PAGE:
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Koinonia Sailing
Galxidi and Delphi "Two sheets to the Wind"
Linda
21 May 2012 | Gulf of Corinth
Galaxidi, Greece
Two Sheets to the Wind
05/21/2012

The short hop from our previous night's anchorage to the quaint harbor town of Galaxidi was uneventful. We docked along the town quay and went ashore to explore. We enjoyed dinner at one of the outdoor restaurants along the waterfront. During dinner, we visited with a sailing couple from Annapolis, Maryland, and were later visited by a duck, cat, and a dog. The American couple had been sailing in the Mediterranean for a few years and were happy to share with us, their local knowledge of Greece. As for the other dinner companions, they were hoping we share the local cuisine.

The following morning before our shore excursion, I washed and hung laundry out to dry. With morning chores complete, we boarded a bus to Delphi along with another couple who had their boat docked near our boat. During the ancient times, Delphi was thought to be the center of the universe. Current day Delphi has an archaeological site and museum which is open for tourists. The trip up the mountain was absolutely beautiful with luscious olive groves filling the valley. Several hair pin turns up the winding mountain road, and we were in Delphi.

The ancient site still had remains of a treasury building, amphitheater and a stadium. The museum contained many of the statues and friezes which were part of the original site. We did not get to spend as much time as we would have liked, due to the need to catch the afternoon bus and connecting taxi back to the boat. As we waited for the bus, I noticed the winds in the mountains were blowing and hoped the winds were not as strong back at the boat.

The taxi driver was in a hurry to get us to our destination. I was glad that his brakes and accelerator responded when needed as we sped down the curvy mountain roads, passing large trucks along the way. As we neared our destination, the previously peaceful bay just outside of our harbor was filled with churning waves from the wind. We never mentioned anything to the driver about the concern of our laundry hanging out in the severe wind, but knew at that rate of speed were traveling, we would be tending to the laundry soon enough.

We arrived at the boat to find two sheets and other miscellaneous laundry items were no longer hanging on the boat, but were relieved to find the boat was still safe and secure. The other couple with whom we shared the bus ride to Delphi, stopped by as we were boarding the boat. The gentleman told us they had returned earlier in the day and found that our laundry looked liked it needed to be rescued, so they secured it in a safe location. I am happy to report, we were not two sheets to the wind, and grateful for the kindness and intervention of our fellow sailors.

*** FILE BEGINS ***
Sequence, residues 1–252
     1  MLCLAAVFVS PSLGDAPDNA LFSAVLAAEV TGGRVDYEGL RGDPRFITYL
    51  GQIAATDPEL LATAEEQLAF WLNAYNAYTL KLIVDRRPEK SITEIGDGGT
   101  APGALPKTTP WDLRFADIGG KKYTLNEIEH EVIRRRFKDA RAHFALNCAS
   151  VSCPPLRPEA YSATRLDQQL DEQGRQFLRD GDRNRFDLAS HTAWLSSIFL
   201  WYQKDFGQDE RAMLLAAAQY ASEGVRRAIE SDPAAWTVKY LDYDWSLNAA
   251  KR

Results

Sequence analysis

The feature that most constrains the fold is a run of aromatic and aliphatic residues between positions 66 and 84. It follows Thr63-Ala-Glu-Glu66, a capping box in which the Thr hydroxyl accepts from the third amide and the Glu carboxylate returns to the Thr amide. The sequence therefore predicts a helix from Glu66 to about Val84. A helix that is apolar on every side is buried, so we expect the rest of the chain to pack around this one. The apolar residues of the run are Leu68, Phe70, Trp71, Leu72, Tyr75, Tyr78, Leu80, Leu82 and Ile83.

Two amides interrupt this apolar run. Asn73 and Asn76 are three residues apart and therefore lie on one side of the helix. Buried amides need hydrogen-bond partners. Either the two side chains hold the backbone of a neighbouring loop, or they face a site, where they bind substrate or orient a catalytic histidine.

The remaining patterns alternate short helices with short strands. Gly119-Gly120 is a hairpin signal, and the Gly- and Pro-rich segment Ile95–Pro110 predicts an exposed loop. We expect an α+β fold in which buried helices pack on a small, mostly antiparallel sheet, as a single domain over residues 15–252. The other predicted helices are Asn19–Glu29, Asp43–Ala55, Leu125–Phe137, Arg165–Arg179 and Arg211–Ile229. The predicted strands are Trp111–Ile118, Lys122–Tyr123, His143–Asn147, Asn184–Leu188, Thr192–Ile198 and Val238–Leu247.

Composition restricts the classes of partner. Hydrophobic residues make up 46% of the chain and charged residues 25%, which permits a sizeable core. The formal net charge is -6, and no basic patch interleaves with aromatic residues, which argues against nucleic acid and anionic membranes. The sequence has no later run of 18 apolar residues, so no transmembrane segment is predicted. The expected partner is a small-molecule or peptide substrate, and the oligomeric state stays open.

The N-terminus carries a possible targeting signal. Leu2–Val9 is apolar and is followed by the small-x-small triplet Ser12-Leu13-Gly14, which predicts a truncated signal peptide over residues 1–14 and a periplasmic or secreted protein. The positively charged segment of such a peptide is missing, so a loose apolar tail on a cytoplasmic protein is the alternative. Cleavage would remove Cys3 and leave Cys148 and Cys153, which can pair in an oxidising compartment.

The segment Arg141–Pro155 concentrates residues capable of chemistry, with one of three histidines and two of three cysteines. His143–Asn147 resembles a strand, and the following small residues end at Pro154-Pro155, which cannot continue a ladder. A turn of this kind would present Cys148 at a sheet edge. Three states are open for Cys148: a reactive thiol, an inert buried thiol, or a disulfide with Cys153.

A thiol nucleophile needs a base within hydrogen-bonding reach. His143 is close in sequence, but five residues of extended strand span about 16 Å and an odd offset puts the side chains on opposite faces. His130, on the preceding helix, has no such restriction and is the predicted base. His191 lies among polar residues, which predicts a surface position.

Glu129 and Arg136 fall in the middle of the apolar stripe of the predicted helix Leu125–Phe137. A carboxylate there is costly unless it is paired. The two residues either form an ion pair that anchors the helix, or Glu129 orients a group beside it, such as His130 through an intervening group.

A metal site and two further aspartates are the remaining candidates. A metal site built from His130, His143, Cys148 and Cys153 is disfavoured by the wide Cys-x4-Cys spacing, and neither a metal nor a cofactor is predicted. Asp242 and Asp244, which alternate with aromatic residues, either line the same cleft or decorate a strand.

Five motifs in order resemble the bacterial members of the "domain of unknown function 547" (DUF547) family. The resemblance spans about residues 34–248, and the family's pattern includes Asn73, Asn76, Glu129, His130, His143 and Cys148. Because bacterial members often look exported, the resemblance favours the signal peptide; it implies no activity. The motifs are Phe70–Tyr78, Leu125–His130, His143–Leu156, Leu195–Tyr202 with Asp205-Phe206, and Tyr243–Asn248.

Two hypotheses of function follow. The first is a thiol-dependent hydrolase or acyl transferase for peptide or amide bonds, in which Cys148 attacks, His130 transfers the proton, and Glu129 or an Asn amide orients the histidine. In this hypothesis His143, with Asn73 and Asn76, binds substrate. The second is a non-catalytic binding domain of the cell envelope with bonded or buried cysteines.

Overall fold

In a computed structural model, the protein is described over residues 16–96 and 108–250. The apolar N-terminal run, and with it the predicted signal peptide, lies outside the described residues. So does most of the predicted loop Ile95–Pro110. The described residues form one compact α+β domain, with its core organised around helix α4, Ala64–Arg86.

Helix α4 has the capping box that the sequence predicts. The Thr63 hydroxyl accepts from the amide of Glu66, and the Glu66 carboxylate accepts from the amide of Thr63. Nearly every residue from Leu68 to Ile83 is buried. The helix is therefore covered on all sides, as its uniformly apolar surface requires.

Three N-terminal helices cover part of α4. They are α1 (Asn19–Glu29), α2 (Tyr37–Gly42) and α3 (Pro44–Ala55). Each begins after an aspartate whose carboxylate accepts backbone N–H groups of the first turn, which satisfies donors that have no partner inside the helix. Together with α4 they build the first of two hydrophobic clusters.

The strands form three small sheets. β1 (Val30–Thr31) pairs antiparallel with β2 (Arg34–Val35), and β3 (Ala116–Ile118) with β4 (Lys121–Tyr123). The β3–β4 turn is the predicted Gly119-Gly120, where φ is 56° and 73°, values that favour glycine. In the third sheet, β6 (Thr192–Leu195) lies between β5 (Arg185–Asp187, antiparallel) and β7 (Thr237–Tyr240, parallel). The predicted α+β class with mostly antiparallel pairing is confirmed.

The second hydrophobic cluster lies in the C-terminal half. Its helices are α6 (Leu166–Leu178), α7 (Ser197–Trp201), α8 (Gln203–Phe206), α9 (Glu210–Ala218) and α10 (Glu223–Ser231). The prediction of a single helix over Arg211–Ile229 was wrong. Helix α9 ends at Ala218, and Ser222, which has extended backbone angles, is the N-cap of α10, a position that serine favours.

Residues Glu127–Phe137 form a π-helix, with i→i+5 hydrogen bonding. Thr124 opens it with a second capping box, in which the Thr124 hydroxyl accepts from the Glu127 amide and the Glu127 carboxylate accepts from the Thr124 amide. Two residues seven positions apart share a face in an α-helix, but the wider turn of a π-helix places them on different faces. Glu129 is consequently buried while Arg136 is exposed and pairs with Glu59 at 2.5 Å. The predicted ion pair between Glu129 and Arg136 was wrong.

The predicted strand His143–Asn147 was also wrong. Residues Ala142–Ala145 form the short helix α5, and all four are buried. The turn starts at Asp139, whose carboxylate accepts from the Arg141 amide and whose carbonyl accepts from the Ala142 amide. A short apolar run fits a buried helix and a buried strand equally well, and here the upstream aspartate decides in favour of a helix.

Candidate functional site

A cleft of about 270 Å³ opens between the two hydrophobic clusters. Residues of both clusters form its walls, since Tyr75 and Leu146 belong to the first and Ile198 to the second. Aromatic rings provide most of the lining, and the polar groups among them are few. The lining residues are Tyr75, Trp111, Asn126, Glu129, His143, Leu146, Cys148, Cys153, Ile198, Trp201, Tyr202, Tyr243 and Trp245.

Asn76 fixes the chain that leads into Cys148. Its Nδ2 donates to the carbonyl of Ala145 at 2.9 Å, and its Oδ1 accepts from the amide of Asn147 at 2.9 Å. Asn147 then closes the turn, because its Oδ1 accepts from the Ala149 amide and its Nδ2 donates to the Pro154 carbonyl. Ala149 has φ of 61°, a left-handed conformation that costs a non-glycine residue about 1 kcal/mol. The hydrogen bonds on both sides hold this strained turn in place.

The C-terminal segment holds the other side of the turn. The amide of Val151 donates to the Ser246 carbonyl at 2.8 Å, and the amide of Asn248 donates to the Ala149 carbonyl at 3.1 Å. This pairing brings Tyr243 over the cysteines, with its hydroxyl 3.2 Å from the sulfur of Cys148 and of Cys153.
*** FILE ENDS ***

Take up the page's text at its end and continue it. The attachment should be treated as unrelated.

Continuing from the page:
We met some other sailors who were leading a flotilla of charter boats. The conversation quickly turned to the wind, as weather forecasts are usually a topic of conversation around here. I was informed that the flotilla would and not leave the following day, due to the fact that the winds would be blowing five or six in the Gulf of Corinth. Five or six knot winds are very light. I was puzzled why that forecast would make for a weather day, keeping the fleet of boats docked. I was sure that I was missing something. Perhaps they were the kind of sailors who don't go out in light winds, but wait for the big winds. Don was helpful with the answer to this question. Back home, I have only heard wind speed referenced in knots. But here the wind is not referenced by knots, but by the force based on the Beaufort scale. So force five and six winds are strong winds, up to twenty five knots.

I was in agreement that we should spend the next day tied to the quay as well. However, we had to consider the safety of the boat. There was risk with being in a crowded quay in thirty knot winds. Unlike the boats traveling with the flotilla, we would be traveling in the opposite direction. The wind was expected to be behind us, which is not supposed to be as bad at going into the wind. We left the harbor town and set out to meet up with the big winds. Don compared the conditions to what he and his friends experienced for the four days prior to their arrival in Horta, during the Atlantic crossing. They endured for four days going into the wind, surely I could endure four hours with the wind coming from our stern. After an uncomfortable, but uneventful leg on the journey south, we arrived at our next anchorage. We had a somewhat restful night in an unknown anchorage, and left the following morning for the Corinth canal.
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